Moreover, several prognostic immune cell signatures were identified by unsupervised hierarchal clustering of cases by immune cell infiltration densities. Interestingly, neither the total immune cell count nor the stromal infiltration was prognostic for any of the herein investigated immune cell signatures. However, TN immune signature 4, characterized by high densities of NKp46+ NKT cells, pDCs, NK cells and CD56+NKp46+ NKT cells, but low levels of CD68+ macrophages, was an independent predictor of a prolonged OS, but this association was only seen in I-type tumors. This observation may indicate that there is a difference between the two morphologies in what constitutes an efficient antitumoral immunological response. Additionally, the finding of the prognostic impact of defined immune signatures only being significant in a compartment specific context, further stresses the importance of taking topography into account when evaluating the clinical impact of immune cell infiltration into tumors.

Research into the role of NKT cells in pancreatic and periampullary adenocarcinoma has hitherto been sparse. We have previously shown that abundant CD56+ NK and NKT cell infiltration is associated with a prolonged survival using single marker immunohistochemical assessment (25). NKT cells, a CD1d restricted cell type, play an important role in immunosurveillance, however, their exact anti-tumor activity is not yet fully understood. Their function in tumor immunosurveillance is thought to be threefold, firstly by promoting antitumor response by other parts of the immune system, e.g., NK cells and CD8+ T cells, through IFNγ secretion, secondly by hindering macrophage tumor promotion, and thirdly by direct killing of malignant cells and other cells in the tumor microenvironment (26, 27). Therefore, NKT cells share characteristics of both conventional T cells and NK cells (27, 28).

Depletion of NKT cells in a pancreatic cancer model increased pancreatic intraepithelial neoplasia and disease progression (21), which may explain the relationship between NKT cell infiltration and a prolonged survival, seen in this and in a previous study (25). Several reports have shown that intratumoral NKT cells in some gastrointestinal cancers express lower amounts of cytokines, homing receptors, activation markers and proliferation markers than NKT cells in benign tissue (2931), indicating cell anergy. A study on colorectal cancer showed that intratumoral NKT cells had higher levels of activation markers, such as FasL, than those derived from benign tissue (32). Future studies into the role and function of NKT cells in periampullary and pancreatic cancer is therefore warranted.

As for the populations of DCs, granulocytes and macrophages that were characterized in the present study, their infiltration levels were found to be significantly higher in the tumor than in the stromal compartment, and in malignant tissue than in paired benign tissue. Several of these populations were also demonstrated to be independent prognostic factors for shorter survival, including CD1a+CD15+ and CD123+CD15+ granulocytes in the entire cohort and CD163+ macrophages in both I-type and PB-type tumors. Previously, a study using single stain immunohistochemistry to assess infiltration of CD1a+ DCs and CD163+ macrophages in the same cohort demonstrated similar associations (33). Collectively, these findings are in line with previous studies showing that both tolerogenic immature DCs and tumor educated macrophages facilitate tumor progression in pancreatic cancer (3436).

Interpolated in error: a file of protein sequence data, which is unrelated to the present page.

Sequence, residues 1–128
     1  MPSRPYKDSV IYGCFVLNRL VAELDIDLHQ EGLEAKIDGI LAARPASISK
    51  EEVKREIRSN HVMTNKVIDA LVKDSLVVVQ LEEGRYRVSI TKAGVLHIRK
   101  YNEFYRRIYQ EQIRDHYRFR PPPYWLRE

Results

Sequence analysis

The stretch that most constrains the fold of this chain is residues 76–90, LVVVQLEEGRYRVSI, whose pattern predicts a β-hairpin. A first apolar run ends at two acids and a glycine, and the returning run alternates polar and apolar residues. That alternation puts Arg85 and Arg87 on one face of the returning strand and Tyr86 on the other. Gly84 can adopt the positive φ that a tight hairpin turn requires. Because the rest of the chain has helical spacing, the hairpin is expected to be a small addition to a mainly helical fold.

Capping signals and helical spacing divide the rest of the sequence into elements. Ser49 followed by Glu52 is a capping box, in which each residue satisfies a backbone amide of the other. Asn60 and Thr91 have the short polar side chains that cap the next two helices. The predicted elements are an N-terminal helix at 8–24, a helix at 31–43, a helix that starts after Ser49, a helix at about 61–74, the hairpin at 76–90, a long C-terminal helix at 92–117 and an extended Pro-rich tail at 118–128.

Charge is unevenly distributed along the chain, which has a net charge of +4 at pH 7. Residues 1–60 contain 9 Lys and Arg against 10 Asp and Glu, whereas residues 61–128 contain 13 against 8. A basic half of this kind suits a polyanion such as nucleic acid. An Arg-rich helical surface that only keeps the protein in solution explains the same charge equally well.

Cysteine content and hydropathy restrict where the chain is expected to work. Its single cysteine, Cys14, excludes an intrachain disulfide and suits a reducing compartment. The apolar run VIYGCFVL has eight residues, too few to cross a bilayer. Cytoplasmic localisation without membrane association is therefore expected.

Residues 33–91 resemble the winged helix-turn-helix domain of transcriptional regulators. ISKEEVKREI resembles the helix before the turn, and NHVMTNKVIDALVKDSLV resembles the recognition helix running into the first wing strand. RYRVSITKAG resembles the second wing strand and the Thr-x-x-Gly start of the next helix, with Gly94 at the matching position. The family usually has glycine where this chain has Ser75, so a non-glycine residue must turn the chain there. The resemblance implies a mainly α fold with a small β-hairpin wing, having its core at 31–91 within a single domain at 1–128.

The current study revealed relatively low numbers of CD163+ myeloid cells and CD68+CD163+ macrophages compared to CD68+ macrophages. However, CD163+ cells have a tendency to accumulate in in necrotic regions and in intraglandular debris (37). In the present study, these regions were excluded from the analyses, thus likely providing a more reliable estimation of the infiltration levels of these cells. Moreover, the comparatively low CD163+ cell quantity is not likely due to methodological issues, since all slides were processed through the staining and imaging pipeline at the same time to avoid batch-effects, and there were no systematically low CD163+ numbers across samples.

When combining the densities of innate immune cell infiltration and lymphocyte infiltration we could identify four distinct patterns of immune cell infiltration; inflamed, myeloid inflamed – lymphocyte deprived, oasis and desert. These immune subtypes were significantly associated with survival in that the subtypes with the lowest levels of adaptive and innate lymphocytes, i.e., myeloid inflamed – lymphocyte deprived, and desert, had the shortest OS. This further highlights the detrimental effects of myeloid cells in the tumor microenvironment and the beneficial effects of lymphocytes. Interestingly, there were no significant differences in OS between the inflamed and oasis subtypes, the latter being characterized by all over lower infiltration levels of immune cells, with the exception of NKp46+ NKT cells. Furthermore, there were significant associations between infiltration of NKp46+ NKT cells and several phenotypic subpopulations of adaptive lymphocytes, including activated/memory cytotoxic T cells and activated/memory T helper cells and B cells. The association between adaptive lymphocytes and NKp46+ NKT cells observed in the current paper indicates that adaptive and innate lymphocytes act in concert in mounting an anti-tumor response. However, the oasis and inflamed immune subtypes (the former characterized by high levels of NKp46+ NKT cells but low levels of lymphocytes and the former by high levels of both) were associated with similar patient outcomes. This finding highlights that NKp46+ NKT cells inhabit a unique, beneficial niche in the tumor microenvironment.